Penske revels in Allmendinger’s second-chance success

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Even though team owner Roger Penske was enjoying a lengthy European vacation – including celebrating wife Kathy’s birthday in romantic Venice – he was never too far away from what his race teams were doing.

Penske kept up with Brad Keselowski’s second-place finish in Thursday’s trucks race at Kentucky Speedway, as well as Keselowski’s Friday night win in the Nationwide Series place there, as well.

And then, following a lengthy flight back to the U.S., Penske was at Kentucky for Sunday’s rain-delayed Sprint Cup race – unfortunately to watch Keselowski get wrecked and finish 33rd.

To add insult to injury, Keselowski dropped out of the top 10, falling four places to 13th in the rankings – his lowest in the standings this season.

On a brighter note, though, Penske’s other Sprint Cup driver, Joey Logano, finished fourth at Kentucky and climbed into 10th place in the standings.

And even though it occurred more than a week earlier, Penske was still beaming at AJ Allmendinger’s first career NASCAR win in the June 22 Nationwide Series race at Road America in Elkhart Lake, Wis.

Allmendinger lost his ride in one of Penske’s Cup cars nearly halfway through last season after failing a NASCAR drug test. To his credit, Allmendinger went through and successfully completed the sanctioning body’s recovery program and resumed his racing career just over two months later.

Yet, even though he lost his Cup ride with Penske, Allmendinger was brought back into the Penske fold earlier this season, driving in a number of different series including Nationwide and Izod IndyCar Series, including finishing seventh in the Indianapolis 500.

Allmendinger has also competed in seven Sprint Cup races thus far this season with Penske’s blessing: five for team owner James Finch and two others (with three more still to come) for JTG Daugherty Racing. He’s also raced in the Grand Am Series for Michael Shank Racing, with a podium finish in the season-opening race at Daytona.

“I was so pleased to see him in the Winner’s Circle,” Penske told FoxSports.com about Allmendinger’s win at Road America. “It proves to everyone that he can drive a race car and he’s put everything behind him. He’s served his time, so to speak, and proved that even under pressure he was capable of getting the job done.

“This sport will bring you down but it can lift you back up if you let it. AJ has gained a lot of confidence through all of this. I don’t hire guys just to hire them. You want a guy that’s on the climb and he had potential from my perspective . . . he made a mistake and he paid for it.”

Allmendinger is scheduled to compete in another Nationwide race for Penske on Aug. 17 at Mid-Ohio and will also likely race in the IndyCar season finale at Fontana, with an outside chance of maybe a few other races still to be added to his dance card.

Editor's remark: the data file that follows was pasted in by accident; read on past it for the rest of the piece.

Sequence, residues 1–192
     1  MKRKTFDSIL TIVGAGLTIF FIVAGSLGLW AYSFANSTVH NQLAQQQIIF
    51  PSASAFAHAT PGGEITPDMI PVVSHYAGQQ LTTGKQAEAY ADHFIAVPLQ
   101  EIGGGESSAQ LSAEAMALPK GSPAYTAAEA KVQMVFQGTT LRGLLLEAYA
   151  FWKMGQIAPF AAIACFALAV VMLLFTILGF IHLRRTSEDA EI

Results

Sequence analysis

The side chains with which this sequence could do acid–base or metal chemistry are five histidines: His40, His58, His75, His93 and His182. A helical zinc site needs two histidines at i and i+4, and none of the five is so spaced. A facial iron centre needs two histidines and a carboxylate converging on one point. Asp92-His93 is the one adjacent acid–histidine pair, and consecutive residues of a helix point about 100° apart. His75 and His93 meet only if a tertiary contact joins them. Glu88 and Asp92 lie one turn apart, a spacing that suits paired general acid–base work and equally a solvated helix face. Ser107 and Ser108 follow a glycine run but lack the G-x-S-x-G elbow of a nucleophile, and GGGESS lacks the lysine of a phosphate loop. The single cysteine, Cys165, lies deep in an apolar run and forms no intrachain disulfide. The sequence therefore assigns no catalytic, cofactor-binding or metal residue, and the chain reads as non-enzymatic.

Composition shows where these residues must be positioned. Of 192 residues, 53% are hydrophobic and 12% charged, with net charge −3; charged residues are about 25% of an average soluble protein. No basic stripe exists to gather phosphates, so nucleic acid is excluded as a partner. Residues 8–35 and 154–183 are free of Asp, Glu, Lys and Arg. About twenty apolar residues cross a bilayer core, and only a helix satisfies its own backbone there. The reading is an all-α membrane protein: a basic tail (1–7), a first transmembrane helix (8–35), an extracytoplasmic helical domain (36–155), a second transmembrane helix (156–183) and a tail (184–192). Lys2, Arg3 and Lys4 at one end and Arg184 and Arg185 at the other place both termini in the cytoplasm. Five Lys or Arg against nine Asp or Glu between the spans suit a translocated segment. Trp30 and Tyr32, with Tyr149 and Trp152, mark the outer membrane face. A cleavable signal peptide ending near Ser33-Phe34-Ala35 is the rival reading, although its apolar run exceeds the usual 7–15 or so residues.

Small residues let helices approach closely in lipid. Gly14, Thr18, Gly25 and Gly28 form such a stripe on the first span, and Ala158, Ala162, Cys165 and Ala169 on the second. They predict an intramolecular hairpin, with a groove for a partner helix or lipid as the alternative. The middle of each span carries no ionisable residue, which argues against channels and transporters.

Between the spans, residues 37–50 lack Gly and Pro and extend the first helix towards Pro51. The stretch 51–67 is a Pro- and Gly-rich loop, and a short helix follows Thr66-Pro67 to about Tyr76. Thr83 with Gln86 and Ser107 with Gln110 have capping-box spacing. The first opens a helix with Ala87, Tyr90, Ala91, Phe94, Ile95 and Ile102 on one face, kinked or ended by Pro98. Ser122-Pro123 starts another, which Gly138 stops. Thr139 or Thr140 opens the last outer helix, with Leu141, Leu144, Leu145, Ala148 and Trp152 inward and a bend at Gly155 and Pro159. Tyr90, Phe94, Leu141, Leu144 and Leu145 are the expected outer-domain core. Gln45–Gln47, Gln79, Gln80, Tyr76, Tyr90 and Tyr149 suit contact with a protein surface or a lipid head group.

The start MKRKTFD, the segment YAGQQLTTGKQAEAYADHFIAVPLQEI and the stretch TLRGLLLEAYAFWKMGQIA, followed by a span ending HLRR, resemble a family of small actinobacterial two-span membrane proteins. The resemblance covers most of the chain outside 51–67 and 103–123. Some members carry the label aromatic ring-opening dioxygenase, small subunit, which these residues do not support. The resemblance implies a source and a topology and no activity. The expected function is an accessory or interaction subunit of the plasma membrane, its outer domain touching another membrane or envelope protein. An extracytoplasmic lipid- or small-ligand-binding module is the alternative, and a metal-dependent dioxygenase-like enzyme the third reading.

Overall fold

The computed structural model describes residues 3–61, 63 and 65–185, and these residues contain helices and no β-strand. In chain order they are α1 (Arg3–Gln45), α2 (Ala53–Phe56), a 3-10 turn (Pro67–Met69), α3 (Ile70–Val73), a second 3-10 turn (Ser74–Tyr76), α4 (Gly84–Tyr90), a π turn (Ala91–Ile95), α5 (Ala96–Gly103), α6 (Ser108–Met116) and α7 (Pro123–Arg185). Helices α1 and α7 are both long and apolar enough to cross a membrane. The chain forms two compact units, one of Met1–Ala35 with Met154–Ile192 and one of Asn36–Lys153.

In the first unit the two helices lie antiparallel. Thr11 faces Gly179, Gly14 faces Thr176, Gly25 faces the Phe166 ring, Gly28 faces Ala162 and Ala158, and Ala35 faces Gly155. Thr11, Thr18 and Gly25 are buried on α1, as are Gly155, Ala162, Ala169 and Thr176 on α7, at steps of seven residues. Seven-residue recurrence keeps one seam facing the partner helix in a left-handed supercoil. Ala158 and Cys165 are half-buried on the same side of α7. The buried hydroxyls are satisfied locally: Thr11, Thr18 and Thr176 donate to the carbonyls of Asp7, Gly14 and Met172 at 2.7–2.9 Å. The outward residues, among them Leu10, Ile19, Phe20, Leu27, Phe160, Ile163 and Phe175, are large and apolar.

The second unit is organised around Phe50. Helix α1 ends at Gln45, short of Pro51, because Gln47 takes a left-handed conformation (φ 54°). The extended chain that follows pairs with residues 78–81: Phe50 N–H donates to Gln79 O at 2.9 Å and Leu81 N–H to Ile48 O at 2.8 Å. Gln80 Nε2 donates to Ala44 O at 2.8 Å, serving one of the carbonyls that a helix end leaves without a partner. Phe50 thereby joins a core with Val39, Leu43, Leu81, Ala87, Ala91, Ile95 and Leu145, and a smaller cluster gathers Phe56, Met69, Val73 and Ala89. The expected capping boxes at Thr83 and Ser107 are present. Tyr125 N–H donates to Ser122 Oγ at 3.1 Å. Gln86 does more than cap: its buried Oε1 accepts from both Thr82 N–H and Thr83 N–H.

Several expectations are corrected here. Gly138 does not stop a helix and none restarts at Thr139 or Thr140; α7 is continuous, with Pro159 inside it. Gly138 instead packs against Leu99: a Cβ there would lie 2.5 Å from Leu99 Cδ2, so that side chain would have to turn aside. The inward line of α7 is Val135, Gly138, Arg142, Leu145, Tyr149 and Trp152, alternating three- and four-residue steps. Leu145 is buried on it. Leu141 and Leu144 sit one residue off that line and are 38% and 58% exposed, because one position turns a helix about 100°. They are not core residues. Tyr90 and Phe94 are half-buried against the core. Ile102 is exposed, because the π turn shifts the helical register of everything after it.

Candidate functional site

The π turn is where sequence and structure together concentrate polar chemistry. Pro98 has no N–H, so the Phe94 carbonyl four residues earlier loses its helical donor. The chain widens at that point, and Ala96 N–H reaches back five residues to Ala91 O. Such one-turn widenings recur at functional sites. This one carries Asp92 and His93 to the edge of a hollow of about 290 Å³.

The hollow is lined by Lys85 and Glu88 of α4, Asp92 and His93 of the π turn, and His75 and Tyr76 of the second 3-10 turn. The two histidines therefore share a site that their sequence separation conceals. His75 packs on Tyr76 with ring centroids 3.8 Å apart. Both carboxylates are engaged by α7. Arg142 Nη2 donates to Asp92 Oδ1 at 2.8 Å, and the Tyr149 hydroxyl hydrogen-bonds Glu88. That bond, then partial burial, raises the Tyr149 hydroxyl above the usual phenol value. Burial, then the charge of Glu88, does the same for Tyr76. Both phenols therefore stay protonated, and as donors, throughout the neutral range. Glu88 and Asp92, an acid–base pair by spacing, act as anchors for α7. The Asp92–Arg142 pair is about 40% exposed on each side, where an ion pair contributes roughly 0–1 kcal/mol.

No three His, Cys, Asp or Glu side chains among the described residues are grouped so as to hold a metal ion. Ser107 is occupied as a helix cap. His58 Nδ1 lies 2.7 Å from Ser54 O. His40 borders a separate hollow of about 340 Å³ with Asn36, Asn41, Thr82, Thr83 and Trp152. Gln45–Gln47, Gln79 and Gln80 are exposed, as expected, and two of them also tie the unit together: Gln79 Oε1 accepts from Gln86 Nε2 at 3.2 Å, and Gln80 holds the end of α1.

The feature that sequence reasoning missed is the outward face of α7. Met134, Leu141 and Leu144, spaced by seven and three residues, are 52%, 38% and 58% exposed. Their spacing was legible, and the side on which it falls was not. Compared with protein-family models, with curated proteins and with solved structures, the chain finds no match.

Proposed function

Neuville wins Rally Australia; Ogier takes FIA WRC title

Sebastien Ogier. Photo: Getty Images
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COFFS HARBOUR, Australia (AP) Belgium’s Thierry Neuville won Rally Australia by 22.5 seconds on Sunday as torrential rain added drama to the last day of the last race of the World Rally Championship season.

Neuville entered the final day with an almost 20 second advantage after inheriting the rally lead Saturday when his Hyundai teammate, defending champion Andreas Mikkelsen crashed and was forced to retire for the day.

His lead was halved by Jari-Matti Latvala early Sunday as monsoon-like rain made conditions treacherous on muddy forest stages on the New South Wales coast. The rain stopped on the short Wedding Bells stage where Neuville was almost 5 seconds quicker than his rivals, stretching his lead to 14.7 seconds entering the last stage.

COFFS HARBOUR, AUSTRALIA – NOVEMBER 17: Thierry Neuville of Belgium and Nicolas Gilsoul of Belgium compete in their Hyundai Motorsport WRT Hyundai i20 coupe WRC during Day One of the WRC Australia on November 17, 2017 in COFFS HARBOUR, Australia. (Photo by Massimo Bettiol/Getty Images)

That stage was full of incident. The driver’s door on Neuville’s Hyundai i20 coupe swung open in the middle of the stage and Neuville had to slam it closed as he approached a corner.

Latvala’s Toyota then crashed seconds from the end of the stage, allowing Estonia’s Ott Tanak, in a Ford, to take second place overall and New Zealalnd’s Haydon Paddon, in a Hyundai, to sneak into third.

Sebastian Ogier was fourth after winning the final, power stage but the Frenchman had already clinched his fifth world title before Rally Australia began. Neuville’s win was his fourth of the season, two more than Ogier, and was enough to give him second place in world drivers’ standings for the third time in five years.

Ogier owed his drivers’ title to his consistency: he retired only once and finished no worse than fifth all season.

Neuville admitted the last day was touch and go as the rain made some stages perilous, forcing the cancellation of the second to last stage.

“That was a hell of a ride,” Neuville said. “Really, really tricky conditions.

“I kept the car on the road but it was close sometimes. I knew I could make a difference but I had to be clever. You lose grip, you lose control and the car doesn’t respond to your input.”